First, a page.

This post is also available in: עברית (Hebrew)
Artificial intelligence (AI) technologies can now be used to expose the truth of a fake claim filed for insurance purposes without wasting police time.
Law enforcement agencies across Spain have adopted an artificial intelligence (AI) system capable of uncovering fake crime and theft claims.
The AI system, known as VeriPol, was developed by researchers from Cardiff University and the Charles III University of Madrid. The system uses automatic text analysis and machine learning to identify false statements.
According to the computer scientists, VeriPol is able to identify false robbery reports “with over 80 percent accuracy.”
When it comes to issues such as filing false robbery statements to the police, a claim can then be issued against insurance providers to fraudulently benefit from a policy.
Law enforcement budgets and staff are often strained and so it can be difficult to prove a suspicious statement is false, as well as find the time and resources to do so.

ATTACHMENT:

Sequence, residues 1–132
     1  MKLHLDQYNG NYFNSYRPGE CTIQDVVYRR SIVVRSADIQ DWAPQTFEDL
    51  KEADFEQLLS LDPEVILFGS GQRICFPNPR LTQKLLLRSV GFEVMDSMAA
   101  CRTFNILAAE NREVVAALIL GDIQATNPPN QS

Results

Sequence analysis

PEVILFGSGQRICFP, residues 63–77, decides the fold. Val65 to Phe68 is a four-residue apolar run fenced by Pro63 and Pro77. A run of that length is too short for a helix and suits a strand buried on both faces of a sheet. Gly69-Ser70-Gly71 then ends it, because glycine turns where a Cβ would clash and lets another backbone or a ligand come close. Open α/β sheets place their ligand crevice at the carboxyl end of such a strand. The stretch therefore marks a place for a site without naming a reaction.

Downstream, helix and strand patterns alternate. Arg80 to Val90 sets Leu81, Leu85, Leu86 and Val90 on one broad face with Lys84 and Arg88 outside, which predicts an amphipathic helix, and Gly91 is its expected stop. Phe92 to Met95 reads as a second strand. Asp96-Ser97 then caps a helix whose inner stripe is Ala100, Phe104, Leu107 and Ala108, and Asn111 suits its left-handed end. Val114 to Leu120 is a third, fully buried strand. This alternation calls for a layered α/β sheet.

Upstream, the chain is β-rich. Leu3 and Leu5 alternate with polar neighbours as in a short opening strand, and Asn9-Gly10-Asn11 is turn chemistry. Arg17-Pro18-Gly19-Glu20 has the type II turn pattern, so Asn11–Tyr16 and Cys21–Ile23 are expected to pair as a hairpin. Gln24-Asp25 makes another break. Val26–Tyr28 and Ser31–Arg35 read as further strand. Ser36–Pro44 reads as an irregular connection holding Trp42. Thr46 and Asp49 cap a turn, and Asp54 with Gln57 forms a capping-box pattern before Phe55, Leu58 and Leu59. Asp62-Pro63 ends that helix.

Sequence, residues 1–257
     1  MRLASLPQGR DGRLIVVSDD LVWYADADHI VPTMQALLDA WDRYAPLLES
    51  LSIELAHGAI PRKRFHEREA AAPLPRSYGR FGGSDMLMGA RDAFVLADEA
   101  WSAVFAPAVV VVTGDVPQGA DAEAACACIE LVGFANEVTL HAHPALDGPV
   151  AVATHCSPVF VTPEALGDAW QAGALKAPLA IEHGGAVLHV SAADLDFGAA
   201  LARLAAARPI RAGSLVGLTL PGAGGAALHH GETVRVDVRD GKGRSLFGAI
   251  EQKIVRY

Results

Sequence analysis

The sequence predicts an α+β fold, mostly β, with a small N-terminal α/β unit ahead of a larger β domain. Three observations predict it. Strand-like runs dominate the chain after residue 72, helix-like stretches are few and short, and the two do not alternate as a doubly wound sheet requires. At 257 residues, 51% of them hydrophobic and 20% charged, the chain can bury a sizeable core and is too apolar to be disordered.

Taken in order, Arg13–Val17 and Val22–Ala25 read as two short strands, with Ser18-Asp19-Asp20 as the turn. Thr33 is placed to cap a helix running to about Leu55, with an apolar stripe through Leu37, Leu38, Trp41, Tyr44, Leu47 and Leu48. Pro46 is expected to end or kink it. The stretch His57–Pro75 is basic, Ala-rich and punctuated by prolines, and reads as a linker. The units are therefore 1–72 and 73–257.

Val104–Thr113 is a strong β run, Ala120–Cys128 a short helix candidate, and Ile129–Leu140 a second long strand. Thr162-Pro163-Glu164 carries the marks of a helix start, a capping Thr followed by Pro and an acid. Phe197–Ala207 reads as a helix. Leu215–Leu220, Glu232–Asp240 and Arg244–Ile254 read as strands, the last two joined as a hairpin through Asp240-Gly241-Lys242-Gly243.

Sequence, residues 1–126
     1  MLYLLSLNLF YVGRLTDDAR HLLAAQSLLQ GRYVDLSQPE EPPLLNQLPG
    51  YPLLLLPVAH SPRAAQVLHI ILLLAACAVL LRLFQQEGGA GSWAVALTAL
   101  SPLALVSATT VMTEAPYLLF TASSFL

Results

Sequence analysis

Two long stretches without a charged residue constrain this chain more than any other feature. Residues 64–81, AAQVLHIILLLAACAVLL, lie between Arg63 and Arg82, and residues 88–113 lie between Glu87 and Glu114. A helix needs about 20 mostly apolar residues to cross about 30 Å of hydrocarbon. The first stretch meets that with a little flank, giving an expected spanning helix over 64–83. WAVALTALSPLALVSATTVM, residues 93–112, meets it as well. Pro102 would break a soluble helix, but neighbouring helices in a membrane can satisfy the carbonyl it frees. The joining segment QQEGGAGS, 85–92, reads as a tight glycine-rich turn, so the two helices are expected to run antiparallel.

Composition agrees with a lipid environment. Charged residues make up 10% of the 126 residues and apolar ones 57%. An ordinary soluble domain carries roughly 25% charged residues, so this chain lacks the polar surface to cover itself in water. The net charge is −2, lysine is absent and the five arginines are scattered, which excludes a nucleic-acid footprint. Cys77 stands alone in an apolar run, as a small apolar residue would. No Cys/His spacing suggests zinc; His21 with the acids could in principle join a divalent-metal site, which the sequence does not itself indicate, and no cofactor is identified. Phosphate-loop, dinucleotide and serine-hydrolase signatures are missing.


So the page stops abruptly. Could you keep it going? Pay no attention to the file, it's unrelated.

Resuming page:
The AI tool is able to analyze written statements to recognize patterns which are most commonly associated with false statements, such as the kinds of items allegedly stolen, the descriptions given of supposed attackers, and the “finer points” of an incident.
VeriPol uses what is called natural language processing, an element of machine learning technologies which helps artificial systems understand and interpret the natural use of human language.
Algorithms are used to decode this language, and VeriPol’s understanding is based on historical police reports which have been fed into the system.
In addition to helping police staff decide which claims to allocate resources towards, VeriPol may deter members of the general public from filing false statements in the first place, saving agencies both time and money.
VeriPol has been rolled out across law enforcement agencies in Spain. A trial launched by the Spanish National Police used VeriPol to scrutinize over 1000 police reports, in which the tool could detect a false report eight out of 10 times, according to zdnet.com.